About Anna Raeburn
Anna's 40 year long award-winning journalistic career as an adviser (nowadays we say "agony aunt - she loves the job, hates the title) has spanned magazines, radio, television and newspapers; including a 14 year run at Capital Radio with her groundbreaking show 'Anna and the Doc', and 7 years at Talk Radio hosting 'Live and Direct' and her work was rewarded with a Gold Sony award and induction into the Radio Hall of Fame....Read More
More Than Pizza
However uncomfortable it is, I can never feel badly about sunshine in England. It doesn’t happen often enough for me to complain.
I was walking home, the last leg of a considerable journey with a laden basket, when a young man waved at me from across the road and came to meet me.
He was immaculate down to laced up patent shoes which I thought abstractedly would be terribly hot for his feet.
“Signora” he began, Italian obviously, and speaking English so fragmented, it made the Sopranos sound like Shakespeare.
And on a Saturday morning in South London, he was looking for an Italian radio station.
He offered me a notebook. I asked if he had been to that address and eventually he managed to convey to me that whoever he spoke to wasn’t helpful.
I saw another name I thought I recognised and pointed at it but he said they didn’t know anything. I forbade myself to even think that they might not have understood him.
We were very near my flat. “Come with me” I said gesturing, my six words of Italian wholly inadequate to the occasion.
He looked taken aback. “Computer” I explained.
When we arrived, he asked me if he might enter – ” Permesso ?”
At the screen, we typed in the name of the radio station and were referred to the Italian Chamber of Commerce in London. After trying it three times
and checking through Directory Enquiries, it was found to have a fault on the line.
I discovered Fabio could read English, even if speaking it was a problem, so now everything was scribbled on bits of paper.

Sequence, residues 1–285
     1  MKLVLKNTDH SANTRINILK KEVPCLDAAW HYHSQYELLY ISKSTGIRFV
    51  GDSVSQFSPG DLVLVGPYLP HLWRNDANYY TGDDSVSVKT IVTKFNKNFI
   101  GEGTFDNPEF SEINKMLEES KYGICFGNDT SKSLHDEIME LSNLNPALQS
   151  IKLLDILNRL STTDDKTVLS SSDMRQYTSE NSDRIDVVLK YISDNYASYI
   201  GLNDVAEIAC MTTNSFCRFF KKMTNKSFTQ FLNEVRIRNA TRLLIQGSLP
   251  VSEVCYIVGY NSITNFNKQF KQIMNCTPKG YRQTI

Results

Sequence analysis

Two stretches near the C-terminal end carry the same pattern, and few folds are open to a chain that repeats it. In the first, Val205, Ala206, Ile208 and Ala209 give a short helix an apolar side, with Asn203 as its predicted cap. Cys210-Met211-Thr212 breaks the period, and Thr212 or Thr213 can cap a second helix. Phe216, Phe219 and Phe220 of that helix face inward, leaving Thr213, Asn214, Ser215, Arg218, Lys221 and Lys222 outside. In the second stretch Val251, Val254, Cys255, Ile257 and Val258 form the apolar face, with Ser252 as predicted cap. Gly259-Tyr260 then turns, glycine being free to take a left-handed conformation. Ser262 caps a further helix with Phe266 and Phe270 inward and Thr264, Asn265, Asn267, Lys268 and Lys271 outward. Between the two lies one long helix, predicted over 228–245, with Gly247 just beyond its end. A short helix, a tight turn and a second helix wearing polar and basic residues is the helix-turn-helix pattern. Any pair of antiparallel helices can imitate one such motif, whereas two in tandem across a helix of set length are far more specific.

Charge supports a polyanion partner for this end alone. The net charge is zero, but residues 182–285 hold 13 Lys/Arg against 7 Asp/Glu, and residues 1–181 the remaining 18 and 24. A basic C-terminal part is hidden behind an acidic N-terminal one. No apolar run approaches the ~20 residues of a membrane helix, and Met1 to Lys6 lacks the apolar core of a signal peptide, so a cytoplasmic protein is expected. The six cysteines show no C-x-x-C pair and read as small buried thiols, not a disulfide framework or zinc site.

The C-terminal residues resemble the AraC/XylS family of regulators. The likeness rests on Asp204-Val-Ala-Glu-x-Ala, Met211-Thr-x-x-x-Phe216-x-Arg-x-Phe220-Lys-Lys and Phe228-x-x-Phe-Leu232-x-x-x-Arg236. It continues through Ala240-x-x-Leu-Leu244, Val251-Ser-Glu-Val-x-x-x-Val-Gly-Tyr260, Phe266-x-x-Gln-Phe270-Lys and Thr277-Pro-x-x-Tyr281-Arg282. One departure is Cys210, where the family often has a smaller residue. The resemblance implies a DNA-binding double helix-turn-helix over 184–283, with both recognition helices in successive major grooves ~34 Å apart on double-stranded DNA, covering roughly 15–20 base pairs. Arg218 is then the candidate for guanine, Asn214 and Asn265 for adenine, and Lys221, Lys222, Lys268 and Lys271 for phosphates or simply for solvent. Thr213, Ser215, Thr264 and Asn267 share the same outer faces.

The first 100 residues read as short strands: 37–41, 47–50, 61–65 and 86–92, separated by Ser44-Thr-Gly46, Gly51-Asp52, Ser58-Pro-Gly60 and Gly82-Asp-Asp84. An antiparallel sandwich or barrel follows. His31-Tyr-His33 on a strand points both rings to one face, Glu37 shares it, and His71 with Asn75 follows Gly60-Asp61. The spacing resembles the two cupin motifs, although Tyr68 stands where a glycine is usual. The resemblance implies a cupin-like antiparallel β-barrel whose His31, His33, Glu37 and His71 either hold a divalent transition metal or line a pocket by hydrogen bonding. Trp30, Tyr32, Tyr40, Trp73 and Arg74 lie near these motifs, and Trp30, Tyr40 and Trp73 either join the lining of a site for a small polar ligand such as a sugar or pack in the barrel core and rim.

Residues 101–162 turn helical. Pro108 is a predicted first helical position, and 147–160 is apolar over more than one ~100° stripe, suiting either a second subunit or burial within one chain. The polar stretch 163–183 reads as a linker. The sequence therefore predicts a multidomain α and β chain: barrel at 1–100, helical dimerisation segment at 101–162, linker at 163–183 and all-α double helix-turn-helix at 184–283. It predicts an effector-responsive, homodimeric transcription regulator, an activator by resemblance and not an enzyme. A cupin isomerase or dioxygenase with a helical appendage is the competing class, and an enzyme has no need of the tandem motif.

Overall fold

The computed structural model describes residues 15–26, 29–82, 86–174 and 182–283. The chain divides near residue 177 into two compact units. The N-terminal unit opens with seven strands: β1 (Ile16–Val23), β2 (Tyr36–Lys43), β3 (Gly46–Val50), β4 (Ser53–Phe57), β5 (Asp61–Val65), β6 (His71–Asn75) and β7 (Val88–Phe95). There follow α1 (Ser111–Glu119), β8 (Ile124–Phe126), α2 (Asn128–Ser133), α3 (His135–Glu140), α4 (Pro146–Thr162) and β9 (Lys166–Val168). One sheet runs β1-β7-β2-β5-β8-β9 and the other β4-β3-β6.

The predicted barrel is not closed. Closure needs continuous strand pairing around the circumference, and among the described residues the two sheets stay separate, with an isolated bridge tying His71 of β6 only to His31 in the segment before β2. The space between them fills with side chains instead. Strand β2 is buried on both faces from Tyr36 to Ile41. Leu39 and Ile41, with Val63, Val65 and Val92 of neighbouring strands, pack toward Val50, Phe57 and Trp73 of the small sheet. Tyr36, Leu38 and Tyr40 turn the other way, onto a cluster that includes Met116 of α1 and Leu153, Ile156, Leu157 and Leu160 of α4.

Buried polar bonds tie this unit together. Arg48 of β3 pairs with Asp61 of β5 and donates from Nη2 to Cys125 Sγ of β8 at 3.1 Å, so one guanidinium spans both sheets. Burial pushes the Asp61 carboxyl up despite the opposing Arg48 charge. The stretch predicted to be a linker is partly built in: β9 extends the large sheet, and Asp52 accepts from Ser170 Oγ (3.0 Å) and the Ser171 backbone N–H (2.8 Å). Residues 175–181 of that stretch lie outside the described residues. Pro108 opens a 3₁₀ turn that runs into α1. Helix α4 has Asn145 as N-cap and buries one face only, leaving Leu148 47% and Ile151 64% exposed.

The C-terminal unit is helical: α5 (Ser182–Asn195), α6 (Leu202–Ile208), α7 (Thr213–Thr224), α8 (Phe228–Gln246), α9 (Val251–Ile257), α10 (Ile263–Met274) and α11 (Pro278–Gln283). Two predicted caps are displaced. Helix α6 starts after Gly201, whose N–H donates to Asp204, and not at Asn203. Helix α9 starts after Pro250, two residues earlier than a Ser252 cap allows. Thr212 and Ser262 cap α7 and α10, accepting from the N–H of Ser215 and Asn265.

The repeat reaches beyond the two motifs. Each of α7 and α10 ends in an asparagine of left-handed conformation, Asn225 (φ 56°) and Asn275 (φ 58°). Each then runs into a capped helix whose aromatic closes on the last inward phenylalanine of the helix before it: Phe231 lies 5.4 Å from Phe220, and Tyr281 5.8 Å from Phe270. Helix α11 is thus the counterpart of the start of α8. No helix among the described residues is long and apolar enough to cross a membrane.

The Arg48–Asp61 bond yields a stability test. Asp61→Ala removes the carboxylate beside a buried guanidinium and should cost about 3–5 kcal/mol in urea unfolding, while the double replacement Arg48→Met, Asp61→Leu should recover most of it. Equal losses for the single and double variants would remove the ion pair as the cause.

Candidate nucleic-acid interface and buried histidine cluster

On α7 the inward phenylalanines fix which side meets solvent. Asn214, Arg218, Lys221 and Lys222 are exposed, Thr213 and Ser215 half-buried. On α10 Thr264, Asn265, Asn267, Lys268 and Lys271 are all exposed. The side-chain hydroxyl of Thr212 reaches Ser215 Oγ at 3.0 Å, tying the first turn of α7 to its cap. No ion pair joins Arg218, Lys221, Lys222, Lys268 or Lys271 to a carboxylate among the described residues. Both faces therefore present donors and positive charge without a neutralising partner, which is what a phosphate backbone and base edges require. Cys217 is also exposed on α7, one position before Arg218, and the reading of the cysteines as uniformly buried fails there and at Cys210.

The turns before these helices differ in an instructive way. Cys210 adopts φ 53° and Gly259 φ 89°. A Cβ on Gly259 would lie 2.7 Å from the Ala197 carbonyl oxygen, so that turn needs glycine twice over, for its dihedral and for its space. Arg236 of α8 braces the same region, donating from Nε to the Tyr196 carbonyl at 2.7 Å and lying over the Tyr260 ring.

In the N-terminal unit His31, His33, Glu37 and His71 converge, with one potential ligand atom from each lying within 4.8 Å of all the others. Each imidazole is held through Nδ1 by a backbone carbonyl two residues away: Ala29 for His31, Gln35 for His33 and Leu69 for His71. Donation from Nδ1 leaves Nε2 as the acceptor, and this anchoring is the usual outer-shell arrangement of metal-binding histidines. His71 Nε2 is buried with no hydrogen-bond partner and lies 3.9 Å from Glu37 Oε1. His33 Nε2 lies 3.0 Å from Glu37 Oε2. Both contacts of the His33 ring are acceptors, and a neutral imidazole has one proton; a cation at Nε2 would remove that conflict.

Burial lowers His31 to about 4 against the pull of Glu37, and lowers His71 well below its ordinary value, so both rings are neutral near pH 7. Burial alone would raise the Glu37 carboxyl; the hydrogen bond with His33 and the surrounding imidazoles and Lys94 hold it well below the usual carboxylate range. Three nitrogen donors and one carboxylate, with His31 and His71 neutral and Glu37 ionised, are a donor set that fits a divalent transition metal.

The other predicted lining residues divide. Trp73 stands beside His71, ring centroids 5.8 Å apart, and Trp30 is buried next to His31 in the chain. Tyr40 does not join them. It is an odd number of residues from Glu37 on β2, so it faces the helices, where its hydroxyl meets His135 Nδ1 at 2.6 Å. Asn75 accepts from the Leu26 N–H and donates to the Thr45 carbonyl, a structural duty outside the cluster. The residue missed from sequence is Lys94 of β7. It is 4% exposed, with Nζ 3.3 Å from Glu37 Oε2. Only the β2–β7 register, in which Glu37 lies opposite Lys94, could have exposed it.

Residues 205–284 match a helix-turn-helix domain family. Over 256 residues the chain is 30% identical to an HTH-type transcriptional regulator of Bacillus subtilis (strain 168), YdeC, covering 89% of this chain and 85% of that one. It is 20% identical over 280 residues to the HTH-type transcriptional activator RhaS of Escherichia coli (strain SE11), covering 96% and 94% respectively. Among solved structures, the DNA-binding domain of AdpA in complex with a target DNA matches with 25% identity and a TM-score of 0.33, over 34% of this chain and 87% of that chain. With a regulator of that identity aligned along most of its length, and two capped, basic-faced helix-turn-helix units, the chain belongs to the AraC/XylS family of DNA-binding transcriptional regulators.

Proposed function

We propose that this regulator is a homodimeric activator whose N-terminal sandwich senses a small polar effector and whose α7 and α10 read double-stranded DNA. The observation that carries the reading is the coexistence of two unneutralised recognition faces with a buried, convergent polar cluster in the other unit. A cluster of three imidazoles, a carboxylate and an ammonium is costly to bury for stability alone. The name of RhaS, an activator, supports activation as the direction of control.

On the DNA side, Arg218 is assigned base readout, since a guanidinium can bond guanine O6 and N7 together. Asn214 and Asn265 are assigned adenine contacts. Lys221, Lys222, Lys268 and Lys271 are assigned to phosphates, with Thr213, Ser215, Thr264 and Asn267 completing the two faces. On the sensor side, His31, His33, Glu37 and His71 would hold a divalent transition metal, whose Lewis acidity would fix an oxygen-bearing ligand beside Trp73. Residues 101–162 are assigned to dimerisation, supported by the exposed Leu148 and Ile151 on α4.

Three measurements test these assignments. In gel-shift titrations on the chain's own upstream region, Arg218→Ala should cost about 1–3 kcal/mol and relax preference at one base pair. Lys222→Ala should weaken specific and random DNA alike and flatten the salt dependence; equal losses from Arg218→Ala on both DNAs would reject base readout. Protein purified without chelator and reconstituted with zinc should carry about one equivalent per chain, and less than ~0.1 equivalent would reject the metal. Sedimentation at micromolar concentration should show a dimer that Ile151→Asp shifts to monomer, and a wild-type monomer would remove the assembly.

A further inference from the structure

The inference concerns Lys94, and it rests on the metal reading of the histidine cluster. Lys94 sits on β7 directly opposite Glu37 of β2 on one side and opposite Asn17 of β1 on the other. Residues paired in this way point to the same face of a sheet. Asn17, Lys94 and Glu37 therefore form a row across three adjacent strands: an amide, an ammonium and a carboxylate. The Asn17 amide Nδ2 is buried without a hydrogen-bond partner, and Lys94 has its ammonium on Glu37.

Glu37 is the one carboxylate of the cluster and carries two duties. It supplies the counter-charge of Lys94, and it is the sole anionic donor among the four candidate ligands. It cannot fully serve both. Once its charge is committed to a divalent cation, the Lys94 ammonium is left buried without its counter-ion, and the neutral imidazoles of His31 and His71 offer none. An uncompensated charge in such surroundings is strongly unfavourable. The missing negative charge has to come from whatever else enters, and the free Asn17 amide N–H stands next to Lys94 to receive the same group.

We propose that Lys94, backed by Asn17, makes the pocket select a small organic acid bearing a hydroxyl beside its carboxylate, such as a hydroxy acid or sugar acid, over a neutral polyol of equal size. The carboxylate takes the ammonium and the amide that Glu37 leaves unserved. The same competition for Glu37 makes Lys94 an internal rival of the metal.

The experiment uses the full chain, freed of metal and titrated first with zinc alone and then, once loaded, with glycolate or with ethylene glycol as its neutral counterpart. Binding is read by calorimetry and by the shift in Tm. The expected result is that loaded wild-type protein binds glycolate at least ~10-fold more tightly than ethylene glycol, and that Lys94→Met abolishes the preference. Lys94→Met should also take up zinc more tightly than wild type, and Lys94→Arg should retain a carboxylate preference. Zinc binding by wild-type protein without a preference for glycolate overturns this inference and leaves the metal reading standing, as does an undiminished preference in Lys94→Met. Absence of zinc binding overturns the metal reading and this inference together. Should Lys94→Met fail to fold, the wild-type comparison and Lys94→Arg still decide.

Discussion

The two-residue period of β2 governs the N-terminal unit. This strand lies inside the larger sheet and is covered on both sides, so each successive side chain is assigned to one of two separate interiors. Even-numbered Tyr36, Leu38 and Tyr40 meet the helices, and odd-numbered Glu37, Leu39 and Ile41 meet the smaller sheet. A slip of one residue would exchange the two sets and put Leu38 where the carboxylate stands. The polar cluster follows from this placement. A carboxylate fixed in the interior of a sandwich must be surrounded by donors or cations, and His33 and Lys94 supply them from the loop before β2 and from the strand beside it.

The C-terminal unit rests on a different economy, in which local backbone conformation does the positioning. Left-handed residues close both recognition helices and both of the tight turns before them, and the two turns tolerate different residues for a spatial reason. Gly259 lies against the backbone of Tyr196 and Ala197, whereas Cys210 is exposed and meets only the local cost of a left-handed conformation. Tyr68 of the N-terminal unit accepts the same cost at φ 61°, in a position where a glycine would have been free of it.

The telephone operator suggested the Italian Enbassy and connected us. I got an Italian national and handed Fabio the phone. Long dialogue.
I went out of the room. He called me back to hand me the receiver. Said the embassy employee “Signora, this is Italian Embassy. We deal in culture, not radio stations.”
I believe in radio for all sorts of reasons and am the wrong person to say that to. “Great attitude” I said coldly. “I have one of your nationals in my apartment. You might at least try to help him.”
Wuffle, wuffle – same in any language. I hung up.
Fabio suggested the Italian Consulate. We found it and heard one of those digitalised women’s voices that make you want to swear saying “The person you have dialled is not available, please try later.”
As Bob Dylan once sang, “She said that for over an hour and I hung up” only I didn’t wait so long.
Fabio asked to try Facebook but something didn’t work and we could do no more.
I went to get us glasses of water. We shook hands, he kissed me on both cheeks and we parted.
I emailed the Italian Chamber of Commerce who replied three weeks later that they had no knowledge of an Italian radio station in London.
In Donna Leon’s popular books about Venice (where she has lived for 20 years) she expresses through the mouths of her central characters utter disillusion with what we might call the infrastructure of the Italian state. The only nationally recognised force that works is the Mafia. This adds spice to the personalities and their adventures but if I thought about it, I thought it was an overstatement.
The British all moan about this bureaucracy or that, especially when it encroaches on our time or doesn’t give us the answer we want.
We read or hear stories of difficulty in one country or another and feel obscurely comforted that our national situation isn’t as bad as that. And of course, a telephone line can develop a fault, a voicemail may be loaded erroneously.
But I never thought of “don’t know, don’t want to know” as a watching brief for the meanest employee at an accredited embassy.
Couldn’t he have explained to Fabio that Saturday isn’t a great day for trying to locate things in a city you don’t know – better wait till Monday ? Was that outside his brief as a human ?
Two days later in a jewellery shop (cat can always look at a king, looking is free) I met Antonia from Bari in the south of Italy. We got talking and after she had told me how much she liked London even though she couldn’t understand drinking till you fought or fell over, I told her about Fabio and the accidents of fate that prevented variously the Chamber of Commerce, the Consulate and the Embassy from trying to help him.
She made a speaking gesture.
“You’re not surprised ?” I said.
“No” she said simply.